Hold the press up position for two seconds, and then slowly return to the starting position. Repeat the exercise for 10 repetitions.
Monitor your symptoms for signs of centralization. If your symptoms are moving towards the center of your spine, that is a good sign and you should continue with the activity.
If your symptoms are not changing or worsening as you do the extension in lying, you may need to try the prone extension in lying with hips off-center. To do this, simply lie on your stomach and slide your hips to one side and your feet to the opposite side. (Usually, your hips should slide away from your painful side.) When your hips are offset to one side, perform the press up exercise. This may feel awkward; that’s ok, just press up as far as you can while monitoring your symptoms
The Low Back Side Glide Exercise for Sciatica
If you have tried press ups straight away and with hips off center with no improvement in your symptoms, you may need to perform the standing side glide exercise. To do this exercise, stand perpendicular to a wall with your feet together. You should be about one to two feet away from the wall. Lean your shoulder against the wall and tuck your elbow into your ribcage.
Place your hand against your pelvis, and gently press your hips towards the wall. You should feel like your pelvis is gliding underneath your ribs. Monitor your symptoms for centralization as you perform 10 repetitions of the exercise.
Once you successfully perform this exercise for a day or two, you may wish to try the prone press up again. The goal is to be able to perform the press up with no pain in your leg, thigh, or low back.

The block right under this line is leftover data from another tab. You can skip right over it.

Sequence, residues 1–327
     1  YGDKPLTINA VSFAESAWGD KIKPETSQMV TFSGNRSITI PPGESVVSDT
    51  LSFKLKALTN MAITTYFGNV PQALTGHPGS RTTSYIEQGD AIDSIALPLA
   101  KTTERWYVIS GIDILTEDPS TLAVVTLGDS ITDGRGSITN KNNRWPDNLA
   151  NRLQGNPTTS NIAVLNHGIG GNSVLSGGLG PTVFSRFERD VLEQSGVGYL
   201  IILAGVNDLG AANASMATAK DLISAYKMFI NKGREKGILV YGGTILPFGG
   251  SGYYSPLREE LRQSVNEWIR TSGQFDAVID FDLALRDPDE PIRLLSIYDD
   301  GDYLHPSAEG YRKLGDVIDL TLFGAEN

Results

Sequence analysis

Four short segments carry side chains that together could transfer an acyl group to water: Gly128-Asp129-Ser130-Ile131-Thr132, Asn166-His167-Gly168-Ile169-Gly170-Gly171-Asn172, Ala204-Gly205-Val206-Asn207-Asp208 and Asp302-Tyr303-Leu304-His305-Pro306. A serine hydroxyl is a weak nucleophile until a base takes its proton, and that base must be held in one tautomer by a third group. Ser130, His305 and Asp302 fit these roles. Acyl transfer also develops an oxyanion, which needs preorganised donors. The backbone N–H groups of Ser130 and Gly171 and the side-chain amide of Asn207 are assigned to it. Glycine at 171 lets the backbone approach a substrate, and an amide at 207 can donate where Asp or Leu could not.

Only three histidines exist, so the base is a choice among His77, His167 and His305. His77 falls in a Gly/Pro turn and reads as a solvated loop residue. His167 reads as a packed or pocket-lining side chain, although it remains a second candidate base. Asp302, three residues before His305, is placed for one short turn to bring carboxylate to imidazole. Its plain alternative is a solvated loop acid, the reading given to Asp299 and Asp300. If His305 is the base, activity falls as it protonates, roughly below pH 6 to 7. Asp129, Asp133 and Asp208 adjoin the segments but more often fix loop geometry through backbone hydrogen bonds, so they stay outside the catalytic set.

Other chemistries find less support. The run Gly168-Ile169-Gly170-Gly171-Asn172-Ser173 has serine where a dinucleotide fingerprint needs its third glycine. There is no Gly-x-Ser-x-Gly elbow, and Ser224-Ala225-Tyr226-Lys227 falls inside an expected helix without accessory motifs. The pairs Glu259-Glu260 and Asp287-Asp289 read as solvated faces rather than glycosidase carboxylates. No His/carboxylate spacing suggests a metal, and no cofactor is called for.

The Flexion Rotation Exercise for Low Back Pain
If you have tried the press up with hips off center and the standing side glide exercise and are still having symptoms, you may want to move on to the flexion rotation stretch for low back pain. This stretch can be done to treat back pain on one side or pain that is traveling down your leg.
To do the exercise, lie on your side (typically on the side with the most pain), and bend your knees. Straighten your bottom leg, and tuck your top foot behind your bottom knee. Slowly reach your upper hand to your shoulder blade, and rotate your spine by moving your top shoulder back and towards the floor. Repeat the exercise for 10 repetitions.
Standing Lumbar Extension
The standing lumbar extension exercise is a McKenzie exercise that can be done anywhere. It is used mainly in preventing future back problems once your acute pain has resolved. It can also be used as an alternative to prone press ups if social situations don’t allow you to lie flat on the floor and exercise, but you need to extend your spine to manage your back pain.